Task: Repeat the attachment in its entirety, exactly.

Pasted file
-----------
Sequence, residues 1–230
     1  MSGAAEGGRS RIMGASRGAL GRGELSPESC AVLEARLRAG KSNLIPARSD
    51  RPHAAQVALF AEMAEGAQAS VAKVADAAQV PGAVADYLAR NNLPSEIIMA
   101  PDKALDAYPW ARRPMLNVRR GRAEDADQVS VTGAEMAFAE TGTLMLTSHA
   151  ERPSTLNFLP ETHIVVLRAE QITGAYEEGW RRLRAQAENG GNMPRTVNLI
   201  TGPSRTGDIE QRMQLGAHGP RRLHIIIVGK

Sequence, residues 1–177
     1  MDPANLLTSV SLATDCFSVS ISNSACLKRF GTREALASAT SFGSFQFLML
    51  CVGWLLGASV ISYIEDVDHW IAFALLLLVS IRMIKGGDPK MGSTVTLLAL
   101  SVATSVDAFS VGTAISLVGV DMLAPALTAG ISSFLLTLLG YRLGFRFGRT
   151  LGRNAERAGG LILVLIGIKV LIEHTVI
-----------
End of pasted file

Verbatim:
Sequence, residues 1–230
     1  MSGAAEGGRS RIMGASRGAL GRGELSPESC AVLEARLRAG KSNLIPARSD
    51  RPHAAQVALF AEMAEGAQAS VAKVADAAQV PGAVADYLAR NNLPSEIIMA
   101  PDKALDAYPW ARRPMLNVRR GRAEDADQVS VTGAEMAFAE TGTLMLTSHA
   151  ERPSTLNFLP ETHIVVLRAE QITGAYEEGW RRLRAQAENG GNMPRTVNLI
   201  TGPSRTGDIE QRMQLGAHGP RRLHIIIVGK

Sequence, residues 1–177
     1  MDPANLLTSV SLATDCFSVS ISNSACLKRF GTREALASAT SFGSFQFLML
    51  CVGWLLGASV ISYIEDVDHW IAFALLLLVS IRMIKGGDPK MGSTVTLLAL
   101  SVATSVDAFS VGTAISLVGV DMLAPALTAG ISSFLLTLLG YRLGFRFGRT
   151  LGRNAERAGG LILVLIGIKV LIEHTVI